Now at a glance you can run through dedicated timelines of information that you want to consume at that moment in time. As well as your normal timeline of course :) As a bonus real time streaming can be enabled so that you can keep it open in one tab and see the relevant tweets roll in.
Here’s how my timelines currently look:
Feedly is a service I’ve only just started using. I use it to subscribe to websites that I would visit perhaps once a month or less. Using an RSS feed aggregator like feedly allows me to quickly browse all of the articles posted in one place - at the same time!
As a bonus I can group websites together, want to get up to date with PHP news all in one place, not a problem:
No distractions, just the information you want to see and when.
My final tip here is to subscribe to the sites that actually produce the content! Avoid content aggregators as you’ll just end up with duplicate articles on different sites that has either been watered down or edited beyond recognition from the original article. Unless of course you value the communities comments/opinions on that subject which leads me nicely on to...
Ah Reddit, the bastion of the Internet.
I subscribe to a lot of Subreddits so my homepage is fully relevant to my interests. For those of you that don’t know how Reddit works anybody can add posts to a particular subreddit. These posts are then checked against the boards rules by moderators (Self appointed) and voted upon by the community, based upon these votes the best posts appear higher up the page making them more visible.
This adds a democratic filtering system so that you can quickly see the most popular, hot and active posts of the day for a particular Subreddit. Or if you’re on the homepage you will get a mix of all your actively subscribed Subreddits.
Reddit for me is more about the community than the actual information itself. Articles for example if I haven’t already consumed I will read and then check out other peoples thoughts and ideas in the comments section. I like to get a broad overview of different opinions and angles on a particular subject.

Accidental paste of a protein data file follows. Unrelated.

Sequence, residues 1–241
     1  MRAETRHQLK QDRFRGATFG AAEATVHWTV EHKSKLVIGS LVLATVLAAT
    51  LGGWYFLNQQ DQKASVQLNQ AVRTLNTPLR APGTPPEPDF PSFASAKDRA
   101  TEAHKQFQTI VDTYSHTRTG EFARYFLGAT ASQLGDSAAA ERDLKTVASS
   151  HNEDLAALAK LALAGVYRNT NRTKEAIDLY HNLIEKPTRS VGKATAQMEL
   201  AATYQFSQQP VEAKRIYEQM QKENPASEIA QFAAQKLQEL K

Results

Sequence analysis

There is literally a subreddit for almost every interest that you can think of, some very niche subjects & communities.. for those of you interested in that sort of thing :o)
- ‘DepthHub gathers the best in-depth submissions and discussion on Reddit. You can use the DepthHub as an alternative front page with high quality discussion and inquiry. For more on the theory of DepthHub, read this post from our founder.’
- Want to understand concepts better? This is the subreddit for you
- If you visit it, there's no posts and you can never unsubscribe from it
Get short precise nuggets of information straight to your phone via notifications.
I love the premise of this app, you subscribe to ‘indexes’ basically that hook in to events that happen in the real world. Rain in Norwich in the next hour? Yo. Chelsea Football team just scored a goal? Yo. Large Earthquake anywhere in the world? Yo.
You get the idea. You receive a notification and nothing else - you don’t get bombarded with loads of additional information. I’m not the only one to agree that this app rocks.